Training at Saharanpur
The two boys who had accompanied me from Neemuch put me on the Frontier Mail at dead of the night. At Delhi I changed over to Dehra Dun Express.
Steel coaches were yet to come. First class coaches used to be made of wood and used to be four berthers or six berthers. There used to be what used to be known as coupe - a two berther presumably for a family of two. Each of these compartments used to be provided with a toilet and bath, raising the per capita availability of the facilities than what is made available now. With pressure of increasing volume of traffic the railways had to opt for metal coaches hauling a larger number of passengers. The wooden spacious coaches were phased out as more and more metal coaches, known as Swiss pattern, came to be inducted. I mention this since many of the current generation, particularly the millennial may not be aware that we used to have wooden coaches a few decades back. In fact the Indian railways were big users of wood. Apart from the coaches even the sleepers were made of wood. Most of the forests were lost during the British regime because of extensive use of wood by the railways.
The training centre was located in a property that once was that of Ministry of Civil Aviation for the simple reason that Posts & Telegraphs Department (which included Telephones) and Civil Aviation used to be in one and the same ministry. It was a nondescript place with barracks that were probably constructed around the War Time. Thankfully, it was outside the town which was crowded and dirty, generally like any other North Indian town. Saharanpur has been described variously but the catchiest is that “it is a town from yesterday”.
In those early days we didn’t have a college to train our officers and men of other ranks. The Centre established by the British at Saharanpur used to function as nodal agency for training of supervisory and operative cadres. A Postal Staff College was established at Ghaziabad in 1977 thirty years after independence thus separating the training systems of the two streams.
The Centre had the facilities of all kinds of games. All seven of us of the batch made good use of them. There was cement tennis court where for the first time in my life I played tennis. Sports-wise the Centre was well provided. We played practically every kind of game from football and hockey to badminton and tennis. While on the tennis court we one day, I think it was 20th October 1962, witnessed the massive army movement by rail from Ambala. Troops were being moved right across the country to the North East to meet the Chinese incursions.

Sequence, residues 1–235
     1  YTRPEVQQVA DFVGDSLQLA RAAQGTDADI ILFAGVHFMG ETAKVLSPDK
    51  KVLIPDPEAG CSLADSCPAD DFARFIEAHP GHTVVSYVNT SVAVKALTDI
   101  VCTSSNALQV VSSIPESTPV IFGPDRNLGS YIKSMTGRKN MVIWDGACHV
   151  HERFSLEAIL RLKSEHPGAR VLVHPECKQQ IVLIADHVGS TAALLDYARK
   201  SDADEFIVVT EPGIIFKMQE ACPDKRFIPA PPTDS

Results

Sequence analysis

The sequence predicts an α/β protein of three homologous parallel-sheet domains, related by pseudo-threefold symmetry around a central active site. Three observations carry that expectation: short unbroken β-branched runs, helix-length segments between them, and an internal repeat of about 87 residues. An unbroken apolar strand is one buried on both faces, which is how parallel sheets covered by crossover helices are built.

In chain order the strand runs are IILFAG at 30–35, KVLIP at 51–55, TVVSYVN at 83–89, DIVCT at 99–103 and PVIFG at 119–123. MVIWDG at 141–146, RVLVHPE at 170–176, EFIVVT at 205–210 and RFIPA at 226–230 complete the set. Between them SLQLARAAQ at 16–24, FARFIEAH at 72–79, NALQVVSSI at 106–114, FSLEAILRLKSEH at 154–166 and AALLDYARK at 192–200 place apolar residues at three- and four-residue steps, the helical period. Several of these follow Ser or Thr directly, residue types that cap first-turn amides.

The entire batch came together after a gap of a year and since then we never met again as a batch. This was one great thing about the sojourn in Saharanpur. We met the wife of a batch-mate while another came all by himself leaving his wife back home for reasons, I think, of logistics.
We were there for theoretical training - the training that should have been imparted in the first instance after the Foundation Course at Mussourie. The principal of the Centre was a promoted officer belonging to subordinate services and was pretty committed. He was keen on taking classes but was poor in articulation. For the purposes of the Training Centre he had acquired a tape recorder with huge spools of tape. In those days it was new technology and he was understandably obsessed with it. He asked us to write papers on professional subjects which he then asked us to read out aloud to be recorded in the recorder. When the Member in-charge of training came on a visit he had the best paper of a batch-mate played out.
The Member gave a stirring speech in top class English with a crisp accent to the new recruits to motivate them to contribute to the war effort by opting for the Army Postal Service, a vital arm of the Army. Even till today I wonder how many of those young boys being trained for clerical or suchlike jobs understood him.
The theoretical part is pretty heavy stuff, more so in respect of postal matters. There was nothing for us to while away time except our friend from Shillong, Thang Khumah Tochawng, who used to sing the English numbers that were popular around that time. His favourite singer was Nat “King” Cole and so was mine. He used to regale us with “King” Cole’s numbers. One feels so sorry to say that he is no longer around. He was a great companion and a great friend.
Our other occupation was drinking copious quantities of beer. It was cheap and plentifully available. We would collect enormous numbers of bottles and then one of us would go to the town trade them for more beer bottles. It was great fun – 8 weeks of paid holiday - with friends as add-ons.
When we were coming away after completion of the training the Director surprisingly praised the batch for its conduct right through the training period. It seems he had had a bad experience with the previous batch which paid scant attention to him. There was a girl in the batch who was rather tom-boyish and the boys would chase her all over the place. The Director found it difficult to bring them to order and behave decently.